The second day of the ICD-10 Coordination and Maintenance Committee meeting, led by CMS and the Centers for Disease Control and Prevention’s National Center for Health Statistics, on March 5-6 focused largely on proposed ICD-10-CM code changes for mental health and musculoskeletal conditions.
A recent study showed that CMS’ Hospital Readmissions Reduction Program (HRRP) may be causing an increase in the 30-day mortality rate for certain conditions. Now, a second study published by Health Affairs claims that the reductions in readmission rates are themselves “illusory or overstated.”
CMS recently released Transmittal 4246 , revising language in Chapter 13 of the Medicare Claims Processing Manual regarding the billing of E/M codes on the same date of service as superficial radiation treatment delivery.
CMS recently released an MLN Matters article to inform hospitals and Medicare Administrator Contractors of new system changes, effective July 1, that ensure organ acquisition costs are not included in the IPPS payment calculation for claims that group to a non-transplant MS-DRG.
The American Hospital Association (AHA) and the U.S. Department of Health and Human Services (HHS) recently issued court-ordered briefs in which each defends its respective position in a federal 340B payment lawsuit. The case was brought against HHS by multiple hospital groups to reverse Medicare payment cuts for drugs purchased through CMS' 340B drug discount program.
Using financial penalties to reduce hospital readmissions has been linked to a significant rise in post-discharge mortality for patients with heart failure and pneumonia, according to a recent study by the Journal of the American Medical Association.
Average hospital costs and mortality rates are significantly higher for patients diagnosed with sepsis after hospital admission when compared with patients diagnosed prior to admission, according to a retrospective analysis recently published in Critical Care Medicine.
Findings show that pathologist involvement in the review and verification of CPT codes may reduce the need for code modifications at the time of sign-out auditing, according to the recent study published in the Archives of Pathology and Laboratory Medicine.
The Office of Inspector General (OIG) has been conducting a series of studies about adverse events in various healthcare settings since 2008 and will be publishing more of its corresponding reports throughout 2019, the OIG said in a statement.
A preliminary study found that a new point-of-care troponin assay safely ruled out acute myocardial infarction (AMI) in a large proportion of patients with symptoms suggestive of acute coronary syndrome, according to the report published in the Journal of the American Medical Association.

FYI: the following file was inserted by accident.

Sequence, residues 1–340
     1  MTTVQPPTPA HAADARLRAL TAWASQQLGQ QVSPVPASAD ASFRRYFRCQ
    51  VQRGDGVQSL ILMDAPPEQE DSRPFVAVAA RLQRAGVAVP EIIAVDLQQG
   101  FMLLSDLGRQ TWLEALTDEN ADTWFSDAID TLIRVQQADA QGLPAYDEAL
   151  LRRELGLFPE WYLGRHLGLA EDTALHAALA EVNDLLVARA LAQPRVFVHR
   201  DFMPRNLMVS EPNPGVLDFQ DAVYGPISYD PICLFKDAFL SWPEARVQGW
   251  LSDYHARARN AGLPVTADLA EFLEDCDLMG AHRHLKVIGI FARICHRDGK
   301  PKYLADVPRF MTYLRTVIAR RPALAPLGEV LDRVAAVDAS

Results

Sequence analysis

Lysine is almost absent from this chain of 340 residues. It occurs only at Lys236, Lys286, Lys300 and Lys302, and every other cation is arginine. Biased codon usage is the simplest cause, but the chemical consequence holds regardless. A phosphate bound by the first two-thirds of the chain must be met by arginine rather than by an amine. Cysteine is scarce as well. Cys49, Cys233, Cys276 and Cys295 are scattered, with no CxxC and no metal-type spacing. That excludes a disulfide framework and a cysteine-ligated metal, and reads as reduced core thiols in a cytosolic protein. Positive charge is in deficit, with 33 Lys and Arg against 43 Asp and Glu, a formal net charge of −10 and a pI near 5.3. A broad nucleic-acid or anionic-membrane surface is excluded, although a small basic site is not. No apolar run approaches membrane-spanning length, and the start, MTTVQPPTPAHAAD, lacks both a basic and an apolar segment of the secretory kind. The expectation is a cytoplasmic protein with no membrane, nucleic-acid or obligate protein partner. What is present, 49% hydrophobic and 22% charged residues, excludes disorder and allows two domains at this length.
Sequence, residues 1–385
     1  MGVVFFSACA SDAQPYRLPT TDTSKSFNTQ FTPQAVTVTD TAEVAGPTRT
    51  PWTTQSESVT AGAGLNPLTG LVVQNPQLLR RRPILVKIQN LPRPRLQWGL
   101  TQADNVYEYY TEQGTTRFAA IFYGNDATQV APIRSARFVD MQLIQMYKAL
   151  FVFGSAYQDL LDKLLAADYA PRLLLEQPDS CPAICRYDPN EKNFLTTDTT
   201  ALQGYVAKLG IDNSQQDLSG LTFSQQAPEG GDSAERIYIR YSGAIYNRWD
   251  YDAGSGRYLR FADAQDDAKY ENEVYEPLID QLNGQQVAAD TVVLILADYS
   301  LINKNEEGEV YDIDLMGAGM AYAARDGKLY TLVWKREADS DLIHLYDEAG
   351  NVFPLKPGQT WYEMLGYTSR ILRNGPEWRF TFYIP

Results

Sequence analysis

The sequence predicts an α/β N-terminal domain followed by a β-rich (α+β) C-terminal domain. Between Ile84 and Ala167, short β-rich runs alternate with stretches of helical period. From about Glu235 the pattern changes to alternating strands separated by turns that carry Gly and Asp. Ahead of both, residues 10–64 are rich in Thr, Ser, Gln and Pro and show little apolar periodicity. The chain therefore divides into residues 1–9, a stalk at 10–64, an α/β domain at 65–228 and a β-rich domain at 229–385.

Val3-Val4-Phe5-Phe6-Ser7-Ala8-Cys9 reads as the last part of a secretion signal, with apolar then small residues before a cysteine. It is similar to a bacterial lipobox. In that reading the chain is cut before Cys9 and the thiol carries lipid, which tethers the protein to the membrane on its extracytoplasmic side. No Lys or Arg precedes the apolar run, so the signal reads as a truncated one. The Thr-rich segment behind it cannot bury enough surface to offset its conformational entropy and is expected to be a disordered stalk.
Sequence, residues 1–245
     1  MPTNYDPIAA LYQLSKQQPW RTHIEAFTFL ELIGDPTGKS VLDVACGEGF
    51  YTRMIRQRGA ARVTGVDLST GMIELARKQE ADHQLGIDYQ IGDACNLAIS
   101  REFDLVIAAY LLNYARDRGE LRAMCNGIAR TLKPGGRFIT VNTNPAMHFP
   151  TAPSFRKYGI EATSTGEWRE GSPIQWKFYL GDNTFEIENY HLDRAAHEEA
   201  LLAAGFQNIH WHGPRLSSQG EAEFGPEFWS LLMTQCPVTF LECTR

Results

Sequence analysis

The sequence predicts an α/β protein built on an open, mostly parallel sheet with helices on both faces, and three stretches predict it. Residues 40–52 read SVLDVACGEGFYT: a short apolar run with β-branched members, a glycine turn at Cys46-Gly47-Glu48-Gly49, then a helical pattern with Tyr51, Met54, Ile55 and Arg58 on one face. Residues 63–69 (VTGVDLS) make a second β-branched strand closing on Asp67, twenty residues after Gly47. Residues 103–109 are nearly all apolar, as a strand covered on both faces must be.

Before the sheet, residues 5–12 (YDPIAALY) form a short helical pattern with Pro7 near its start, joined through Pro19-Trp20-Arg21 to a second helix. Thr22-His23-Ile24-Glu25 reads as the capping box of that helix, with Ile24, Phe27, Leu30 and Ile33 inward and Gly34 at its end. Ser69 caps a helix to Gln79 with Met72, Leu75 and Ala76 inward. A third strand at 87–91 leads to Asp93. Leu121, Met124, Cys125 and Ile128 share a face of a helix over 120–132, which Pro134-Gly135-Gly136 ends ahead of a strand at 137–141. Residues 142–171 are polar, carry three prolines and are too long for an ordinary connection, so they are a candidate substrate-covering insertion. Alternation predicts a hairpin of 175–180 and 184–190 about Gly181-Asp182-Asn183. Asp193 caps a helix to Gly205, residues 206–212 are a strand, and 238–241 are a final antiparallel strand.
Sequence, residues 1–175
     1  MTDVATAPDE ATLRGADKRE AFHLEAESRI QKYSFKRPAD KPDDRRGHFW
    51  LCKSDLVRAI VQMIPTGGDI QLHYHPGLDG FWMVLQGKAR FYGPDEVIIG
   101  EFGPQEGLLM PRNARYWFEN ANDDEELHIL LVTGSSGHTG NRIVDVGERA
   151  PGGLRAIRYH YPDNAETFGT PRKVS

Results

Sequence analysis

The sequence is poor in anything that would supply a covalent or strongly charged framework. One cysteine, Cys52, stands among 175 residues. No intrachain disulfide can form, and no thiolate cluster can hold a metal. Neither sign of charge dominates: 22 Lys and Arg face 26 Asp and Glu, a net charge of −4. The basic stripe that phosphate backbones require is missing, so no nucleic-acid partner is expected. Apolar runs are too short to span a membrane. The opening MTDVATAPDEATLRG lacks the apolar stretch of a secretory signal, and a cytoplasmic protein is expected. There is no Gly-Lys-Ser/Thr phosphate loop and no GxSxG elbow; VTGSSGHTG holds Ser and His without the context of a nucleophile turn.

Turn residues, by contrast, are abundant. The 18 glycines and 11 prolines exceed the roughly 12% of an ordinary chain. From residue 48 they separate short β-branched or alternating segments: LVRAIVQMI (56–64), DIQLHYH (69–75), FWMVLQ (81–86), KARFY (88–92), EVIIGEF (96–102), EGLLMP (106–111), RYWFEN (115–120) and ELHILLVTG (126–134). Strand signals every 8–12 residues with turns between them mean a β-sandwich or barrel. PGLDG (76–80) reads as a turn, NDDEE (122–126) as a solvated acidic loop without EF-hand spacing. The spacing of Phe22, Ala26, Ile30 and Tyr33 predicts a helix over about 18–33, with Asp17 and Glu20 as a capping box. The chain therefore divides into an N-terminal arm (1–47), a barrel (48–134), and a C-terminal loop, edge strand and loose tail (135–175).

Findings from a retrospective cohort study published in the American Journal of Emergency Medicine suggest that, on average, EDs may report higher-level E/M services for incarcerated individuals when compared to the general population.
CMS and the Office of Inspector General (OIG) claims to have identified unspecified upcoding in hospital billing—either accidentally or intentionally reporting higher severity codes than supported by documentation to increase payment. Because of this, these entities will conduct a two-part study to assess inpatient hospital billing, according to the OIG.
CMS recently released the 2019 NCCI Policy Manual for Medicare Services , which includes updates to payment policies and coding methodologies effective January 1, 2019. The changes impact billing and reporting for spinal arthrodesis procedures and laboratory services.
Among patients ages 65 years and older, the rate of opioid-related hospitalizations increased more than the rate of nonopioid-related hospitalizations between 2010 and 2015, according to the recent statistical brief published by the Healthcare Cost and Utilization Project.
Findings from an Office of Inspector General (OIG) audit show that Novitas Solutions Inc. overpaid hospitals for intensity-modulated radiation therapy (IMRT) services provided to nearly all sampled Medicare beneficiaries over a 30-month period, resulting in overpayments of at least $7.2 million.
A new risk model provides a simple way to determine whether acute myocardial infarction (AMI) patients are at a high risk for hospital readmissions, says a study published in the Journal of the American Heart Association.
CMS recently released both the calendar year (CY) 2019 Medicare Physician Fee Schedule and OPPS final rules last week, revising the payment structure for E/M office visits and expanding payment reductions for drugs purchased under the 340B discount pricing program by nonexcepted, off-campus, provider-based departments.